Eric Boles: Thank you, thank you. And Jaclyn, I end this with you if you don't mind answering that question as well.

Jaclyn Jensen: Yeah. I am going to echo what Shannon said about the critical necessity of flexibility and adaptability, and the past six months have shown us the tremendous value of doing just that, because it signals that we are supportive of the people that we rely on most to do their best work under continually changing circumstances. And I think that that ultimately is enhanced with leaders who, as Shannon and Jennifer have said, are really doing so from the perspective of empathy, leading from the heart and not just the pocket book.

Eric Boles: Yeah. Yeah. One of the things in closing, when we talk about the qualities that you're looking for talent, and you all mentioned flexibility and adaptation, not only in the individual talent, but even organizationally. It's the same approach you all are taking where you're very clear about what you want to do, why you want to do it, so your purpose is solid. But you are all being extremely flexible on the method you're using because that is changing every day. And so they always say those companies who continuously learn, continue to figure out ways to keep earning, right. You're a learner, you're earners. So I want to thank every single one of you for your contribution. Thank you, Jaclyn, thank you, Shannon, thank you, Jennifer, so much for your expertise. I want to remind the audience that was with us, too don't forget to join us on October 7th at 12 o'clock Eastern, 11 o'clock central, that's AM, for our next conversation where we will discuss how our everyday lives have changed in 2020. Thank you all so much for joining us today.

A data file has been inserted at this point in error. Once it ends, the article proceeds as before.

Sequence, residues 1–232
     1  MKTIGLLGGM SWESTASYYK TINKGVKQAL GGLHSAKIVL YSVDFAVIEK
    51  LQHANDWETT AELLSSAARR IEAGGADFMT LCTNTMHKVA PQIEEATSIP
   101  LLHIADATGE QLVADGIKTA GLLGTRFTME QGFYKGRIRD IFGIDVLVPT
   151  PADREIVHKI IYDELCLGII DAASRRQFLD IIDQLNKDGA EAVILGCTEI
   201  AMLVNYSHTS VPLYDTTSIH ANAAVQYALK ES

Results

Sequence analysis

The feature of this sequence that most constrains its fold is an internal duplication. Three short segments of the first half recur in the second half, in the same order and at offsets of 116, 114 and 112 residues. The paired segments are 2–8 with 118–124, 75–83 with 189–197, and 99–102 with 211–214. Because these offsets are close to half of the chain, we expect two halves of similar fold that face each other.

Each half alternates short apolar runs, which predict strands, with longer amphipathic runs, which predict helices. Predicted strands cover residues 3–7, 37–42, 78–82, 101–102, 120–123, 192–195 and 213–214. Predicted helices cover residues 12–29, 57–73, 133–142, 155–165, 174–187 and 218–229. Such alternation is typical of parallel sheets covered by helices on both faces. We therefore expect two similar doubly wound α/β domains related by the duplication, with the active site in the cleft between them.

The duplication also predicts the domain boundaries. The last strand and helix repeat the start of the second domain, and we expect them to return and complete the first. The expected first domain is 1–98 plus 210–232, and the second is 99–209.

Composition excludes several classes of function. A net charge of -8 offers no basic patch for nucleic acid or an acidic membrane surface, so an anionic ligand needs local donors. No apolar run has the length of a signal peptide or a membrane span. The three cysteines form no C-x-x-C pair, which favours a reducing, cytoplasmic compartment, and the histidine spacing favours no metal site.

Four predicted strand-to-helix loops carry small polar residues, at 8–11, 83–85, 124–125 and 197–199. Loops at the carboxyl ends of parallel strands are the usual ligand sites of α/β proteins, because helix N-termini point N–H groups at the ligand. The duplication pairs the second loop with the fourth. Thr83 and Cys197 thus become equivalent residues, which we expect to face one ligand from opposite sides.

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PART 1

Keeping a Pulse on Your People – Expert Conversations

July 29, 2020